Lessons from Lockdown

Photo by Monika P. on Unsplash

As the global response to the COVID-19 pandemic continues, education systems around the world are continuing to adapt and adjust to a “new normal” as schools continue to operate in various states of in-class and virtual existence. In New Zealand, as in other parts of the world, educators are attempting to capture the stories of the experience of teachers, students, families and education systems as they have had to adjust to the requirements of emergency remote teaching and learning. Numerous reports are now available, and from these we can begin to see a picture of some of the key themes that are emerging across all levels of our education system.

In the past few days I’ve taken the opportunity to read through a number of the key reports that have crossed my (virtual) desk – both from NZ and some international, and provide below a brief synopsis of what I see as some of the key messages.

Inequity Exposed

The lockdown has exposed a range of existing inequalities, disparities and divides within the NZ Education system, and in some cases, has actually exacerbated them. Two things stand out in particular from the reports:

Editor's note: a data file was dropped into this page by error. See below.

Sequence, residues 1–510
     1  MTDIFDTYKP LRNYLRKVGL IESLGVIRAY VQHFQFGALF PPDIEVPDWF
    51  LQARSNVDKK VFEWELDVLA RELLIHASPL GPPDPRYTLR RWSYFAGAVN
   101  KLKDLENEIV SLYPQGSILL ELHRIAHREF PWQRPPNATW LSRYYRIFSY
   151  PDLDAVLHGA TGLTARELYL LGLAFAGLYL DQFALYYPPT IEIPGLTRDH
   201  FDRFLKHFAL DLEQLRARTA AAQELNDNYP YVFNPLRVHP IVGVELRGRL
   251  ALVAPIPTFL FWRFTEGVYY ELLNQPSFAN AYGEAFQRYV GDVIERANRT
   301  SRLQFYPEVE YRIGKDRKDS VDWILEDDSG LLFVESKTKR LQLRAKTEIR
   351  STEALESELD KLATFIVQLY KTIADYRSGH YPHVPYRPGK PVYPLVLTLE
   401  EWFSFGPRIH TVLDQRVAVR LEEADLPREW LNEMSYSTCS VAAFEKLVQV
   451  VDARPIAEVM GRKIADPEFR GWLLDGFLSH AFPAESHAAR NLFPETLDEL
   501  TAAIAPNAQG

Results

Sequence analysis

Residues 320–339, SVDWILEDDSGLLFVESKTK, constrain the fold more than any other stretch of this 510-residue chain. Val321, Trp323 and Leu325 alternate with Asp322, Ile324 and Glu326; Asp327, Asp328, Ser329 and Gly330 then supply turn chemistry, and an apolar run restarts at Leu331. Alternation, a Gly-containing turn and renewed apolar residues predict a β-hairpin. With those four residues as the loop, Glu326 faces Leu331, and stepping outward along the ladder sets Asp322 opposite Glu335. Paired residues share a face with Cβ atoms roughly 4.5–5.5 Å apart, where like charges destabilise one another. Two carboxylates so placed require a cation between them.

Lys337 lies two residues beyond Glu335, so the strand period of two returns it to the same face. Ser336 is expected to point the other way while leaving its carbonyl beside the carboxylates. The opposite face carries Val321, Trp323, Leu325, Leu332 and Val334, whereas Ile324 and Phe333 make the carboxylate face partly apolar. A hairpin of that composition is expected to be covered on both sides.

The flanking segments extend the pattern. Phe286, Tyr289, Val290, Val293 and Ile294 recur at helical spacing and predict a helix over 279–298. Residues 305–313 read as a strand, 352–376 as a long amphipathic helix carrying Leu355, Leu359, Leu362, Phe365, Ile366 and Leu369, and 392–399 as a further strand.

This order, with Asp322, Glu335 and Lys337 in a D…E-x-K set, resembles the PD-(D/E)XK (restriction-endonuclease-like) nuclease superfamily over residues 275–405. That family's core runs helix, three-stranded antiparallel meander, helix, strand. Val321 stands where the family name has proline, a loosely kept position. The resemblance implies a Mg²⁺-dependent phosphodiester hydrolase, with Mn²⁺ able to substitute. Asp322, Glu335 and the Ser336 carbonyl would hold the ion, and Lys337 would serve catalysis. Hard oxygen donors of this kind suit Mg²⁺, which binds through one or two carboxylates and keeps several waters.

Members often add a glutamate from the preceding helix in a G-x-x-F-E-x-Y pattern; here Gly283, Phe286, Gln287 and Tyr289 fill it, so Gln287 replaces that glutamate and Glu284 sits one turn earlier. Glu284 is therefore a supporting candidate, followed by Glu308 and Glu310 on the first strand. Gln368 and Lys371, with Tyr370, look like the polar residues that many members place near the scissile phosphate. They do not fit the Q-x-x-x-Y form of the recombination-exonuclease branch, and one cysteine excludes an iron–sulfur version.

1. A growing digital divide as a consequence of a lack of access to internet connectivity, lack of access to digital devices and/or a lack of digital literacy. Despite the huge effort in many areas to equip students with connectivity and devices to access their learning from home this divide remains a significant barrier to a large number of learners and their families.
  2. Disparities in the experience of learners in the home environment, including variable levels of support from parents/wnānau, lack of suitable places to study and demands from family to contribute to the running of the home, including in some cases, seeking employment in order to maintain an income where a family breadwinner has lost her or his job.

Parents as partners

The shift to home learning has placed a number of expectations on parents and caregivers in terms of the support they provide for their children while learning at home. For many this was a positive experience, allowing them to engage more closely and meaningfully with their child as they learn. For others it was a significant challenge, for some because of their feelings of personal inadequacy in terms of meeting the expectations that their child and/or school placed on them, and for others, because of the competing interests on their time – particularly in the case of essential workers.